DoDEA Pushing to Keep Schools Moving in Right Direction
By Samantha L. Quigley
American Forces Press Service
WASHINGTON, Aug. 2, 2004 As the Department of Defense Education Activity prepares for the coming school year, DoDEA's director said efforts are under way to make DoD's good schools even better for the families of military people.
Joseph Tafoya said a primary focus this school year would be curriculum and staff development.
"We have very high reading scores. We have very good math scores," Tafoya said. "This is the first place I've worked where the math scores are a little lower than the reading scores."
DoDEA's response to this, he said, is to work to reinforce its already excellent literacy program with a much stronger math program. In its second year of a program called "Math Matters" that started in the high schools, DoDEA is looking very carefully at the curriculum and how it is taught.
Other efforts may not be so obvious to parents and students.
Tafoya said some less visible changes would focus on curriculum and how to deliver staff development to employees scattered around the world. He added that it's difficult to ensure that every school is getting the same kind of training. "But we're trying to be very creative in how we help teachers teach better," he added.
"My comment to staff at the beginning of the year," he said, "(is) that we need to continue to analyze how we teach, but more importantly, to continue to analyze how students learn."
The process of analyzing how students learn has paid off for DoDEA schools. DoD students' fourth- and eighth-grade scores are consistently near the top of the National Report Card, an annual ranking of schools nationwide based on several criteria.
Keeping the students at the top of their academic game, however, sometimes requires extra help. In high school, it's very easy to schedule students with academic problems into a support class to bolster their learning in a particular subject. This same assistance is not so easily achieved in elementary school, Tafoya explained, where scheduling a support class may require pulling a student from a lesson in another subject.
"It is much easier to address individual student needs at the high school and middle school level from a scheduling standpoint," he said. "What we've got to do is find a way to do it better at the elementary school, without interrupting the regular program."
Initiatives introduced in DoDEA high schools several years ago will now be broached at the elementary and middle school levels. Committees will address whether staff levels are sufficient to meet objectives and whether the most positive learning environment is being provided.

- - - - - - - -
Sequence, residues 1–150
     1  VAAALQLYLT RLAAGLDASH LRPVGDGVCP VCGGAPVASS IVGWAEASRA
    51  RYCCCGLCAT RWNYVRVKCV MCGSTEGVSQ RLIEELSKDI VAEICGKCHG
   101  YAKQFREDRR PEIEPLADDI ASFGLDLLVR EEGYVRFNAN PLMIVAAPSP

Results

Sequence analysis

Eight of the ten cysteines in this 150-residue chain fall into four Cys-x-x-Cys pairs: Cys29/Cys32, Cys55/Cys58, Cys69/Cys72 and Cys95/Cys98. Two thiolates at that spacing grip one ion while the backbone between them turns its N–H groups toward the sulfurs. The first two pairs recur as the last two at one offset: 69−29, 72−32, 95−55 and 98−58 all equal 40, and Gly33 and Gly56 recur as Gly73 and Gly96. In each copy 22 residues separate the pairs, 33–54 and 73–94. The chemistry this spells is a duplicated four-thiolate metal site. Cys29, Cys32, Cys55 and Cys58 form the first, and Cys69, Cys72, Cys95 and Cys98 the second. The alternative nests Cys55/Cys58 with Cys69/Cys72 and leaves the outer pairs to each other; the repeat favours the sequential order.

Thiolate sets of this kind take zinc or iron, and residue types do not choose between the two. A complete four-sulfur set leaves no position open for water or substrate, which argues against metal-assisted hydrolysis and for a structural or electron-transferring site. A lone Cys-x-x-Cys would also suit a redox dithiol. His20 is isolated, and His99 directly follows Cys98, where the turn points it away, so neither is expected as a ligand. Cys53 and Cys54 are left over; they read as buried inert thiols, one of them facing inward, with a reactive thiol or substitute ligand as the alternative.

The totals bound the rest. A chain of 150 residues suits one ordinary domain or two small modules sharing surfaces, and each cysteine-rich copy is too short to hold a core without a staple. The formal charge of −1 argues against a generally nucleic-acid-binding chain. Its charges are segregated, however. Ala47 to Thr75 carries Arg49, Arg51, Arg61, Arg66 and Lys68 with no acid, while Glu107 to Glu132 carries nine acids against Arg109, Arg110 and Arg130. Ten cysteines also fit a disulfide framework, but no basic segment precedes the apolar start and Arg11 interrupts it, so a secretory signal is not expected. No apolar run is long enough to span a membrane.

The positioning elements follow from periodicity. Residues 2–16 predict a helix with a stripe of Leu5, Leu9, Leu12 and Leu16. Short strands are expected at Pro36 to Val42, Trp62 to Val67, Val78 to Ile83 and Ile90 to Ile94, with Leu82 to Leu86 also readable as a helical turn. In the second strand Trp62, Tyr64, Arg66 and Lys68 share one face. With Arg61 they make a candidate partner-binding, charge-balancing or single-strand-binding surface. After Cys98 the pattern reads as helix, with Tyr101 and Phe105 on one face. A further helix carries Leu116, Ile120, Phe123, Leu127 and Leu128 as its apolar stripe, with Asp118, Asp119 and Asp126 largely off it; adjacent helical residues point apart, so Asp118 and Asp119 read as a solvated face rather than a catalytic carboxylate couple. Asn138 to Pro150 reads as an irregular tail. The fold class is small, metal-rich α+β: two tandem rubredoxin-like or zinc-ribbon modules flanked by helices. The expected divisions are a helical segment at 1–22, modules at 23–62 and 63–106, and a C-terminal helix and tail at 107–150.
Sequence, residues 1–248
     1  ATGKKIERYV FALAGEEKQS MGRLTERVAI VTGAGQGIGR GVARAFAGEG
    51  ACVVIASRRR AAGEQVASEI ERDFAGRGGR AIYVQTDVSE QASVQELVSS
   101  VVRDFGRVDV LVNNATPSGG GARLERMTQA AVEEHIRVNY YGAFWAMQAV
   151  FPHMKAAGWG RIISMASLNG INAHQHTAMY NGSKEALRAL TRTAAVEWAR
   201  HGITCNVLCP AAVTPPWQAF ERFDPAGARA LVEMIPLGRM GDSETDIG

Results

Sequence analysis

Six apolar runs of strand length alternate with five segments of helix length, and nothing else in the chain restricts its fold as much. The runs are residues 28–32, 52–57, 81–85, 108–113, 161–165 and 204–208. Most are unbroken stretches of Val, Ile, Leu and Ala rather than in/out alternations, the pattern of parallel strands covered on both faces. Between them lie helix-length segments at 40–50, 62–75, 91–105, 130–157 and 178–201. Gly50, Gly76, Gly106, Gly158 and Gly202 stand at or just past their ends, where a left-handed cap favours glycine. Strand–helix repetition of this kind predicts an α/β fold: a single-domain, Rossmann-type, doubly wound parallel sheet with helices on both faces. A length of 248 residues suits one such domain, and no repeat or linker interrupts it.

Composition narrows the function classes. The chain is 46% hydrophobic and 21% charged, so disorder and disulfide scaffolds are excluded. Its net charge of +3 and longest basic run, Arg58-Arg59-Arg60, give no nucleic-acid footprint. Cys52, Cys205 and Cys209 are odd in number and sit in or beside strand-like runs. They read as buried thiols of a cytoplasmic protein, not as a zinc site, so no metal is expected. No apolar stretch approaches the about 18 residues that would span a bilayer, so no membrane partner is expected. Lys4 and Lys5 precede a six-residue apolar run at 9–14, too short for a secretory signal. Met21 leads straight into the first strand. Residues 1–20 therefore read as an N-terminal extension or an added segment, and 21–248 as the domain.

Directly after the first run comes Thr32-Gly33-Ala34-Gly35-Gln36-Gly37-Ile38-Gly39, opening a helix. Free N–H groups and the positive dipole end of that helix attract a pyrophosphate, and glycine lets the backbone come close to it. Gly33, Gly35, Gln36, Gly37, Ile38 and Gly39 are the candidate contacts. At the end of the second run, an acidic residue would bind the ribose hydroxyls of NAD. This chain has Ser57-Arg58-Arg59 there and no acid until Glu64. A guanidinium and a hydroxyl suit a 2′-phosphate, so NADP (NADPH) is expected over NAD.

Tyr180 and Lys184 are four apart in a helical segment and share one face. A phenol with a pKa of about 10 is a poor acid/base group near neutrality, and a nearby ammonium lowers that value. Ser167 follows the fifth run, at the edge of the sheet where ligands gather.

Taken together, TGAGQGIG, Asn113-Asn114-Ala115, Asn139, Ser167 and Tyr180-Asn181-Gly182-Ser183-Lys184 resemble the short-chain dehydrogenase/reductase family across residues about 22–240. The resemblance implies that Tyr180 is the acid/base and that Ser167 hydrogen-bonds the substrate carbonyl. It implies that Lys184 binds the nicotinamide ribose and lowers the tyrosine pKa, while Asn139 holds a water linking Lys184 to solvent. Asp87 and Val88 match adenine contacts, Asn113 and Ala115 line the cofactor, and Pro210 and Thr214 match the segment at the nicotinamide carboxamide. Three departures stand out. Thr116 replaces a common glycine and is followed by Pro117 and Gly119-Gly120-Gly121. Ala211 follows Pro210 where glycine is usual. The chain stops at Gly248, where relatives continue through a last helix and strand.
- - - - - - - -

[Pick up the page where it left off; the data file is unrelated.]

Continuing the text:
One committee will examine practices at the elementary level, and another will do the same for the middle school level. The initiative will involve teachers, principals and administrators, parents, and command representatives, Tafoya said.
The year-end goal of the initiative is a K-12 program that spells out what is offered in all of the schools.
Though there is no legal obligation for DoDEA to adhere to the letter of the "No Child Left Behind" law, Tafoya said the agency is following the law's spirit. He feels sure, he added, that DoDEA will be in full compliance with the law by 2007, a full six years ahead of mandatory civilian school compliance. Science standards are the only reason DoDEA hasn't yet attained full compliance, and officials are reworking them, Tafoya said.
"We feel very comfortable about (the level of compliance)," Tafoya said. "The last time we looked at our data, every single ethnic group, boys and girls, whatever category you want to separate, our average test scores are above the 50th percentile for all students."
Such success is not accidental, Tafoya said, noting a combination of factors that contribute, including DoD teachers being "part and parcel" of the missions that affect their bases as well as being open to change and new ideas.
"I think our teachers and administrators are very proud to be a part of this system," he said. "I think our teachers have bought into the mission. I find a lot of satisfaction. People are happy."
On the flip side, he said, the students really have a sense of connection with the teachers. The students tell him hey can relate to their teachers and their teachers care about them, he added.
When he's confronted with the question of what makes DoDEA schools different, his answer is simply "support."
"I am just blown away by the level of support (from the parents and the military)," Tafoya said. "That's our advantage."
DoDEA operates 222 public schools in 15 districts located in 13 foreign countries, seven states, Guam and Puerto Rico. All schools within DoDEA are fully accredited by U.S. accreditation agencies. About 8,785 teachers serve DoDEA's 102,600 students.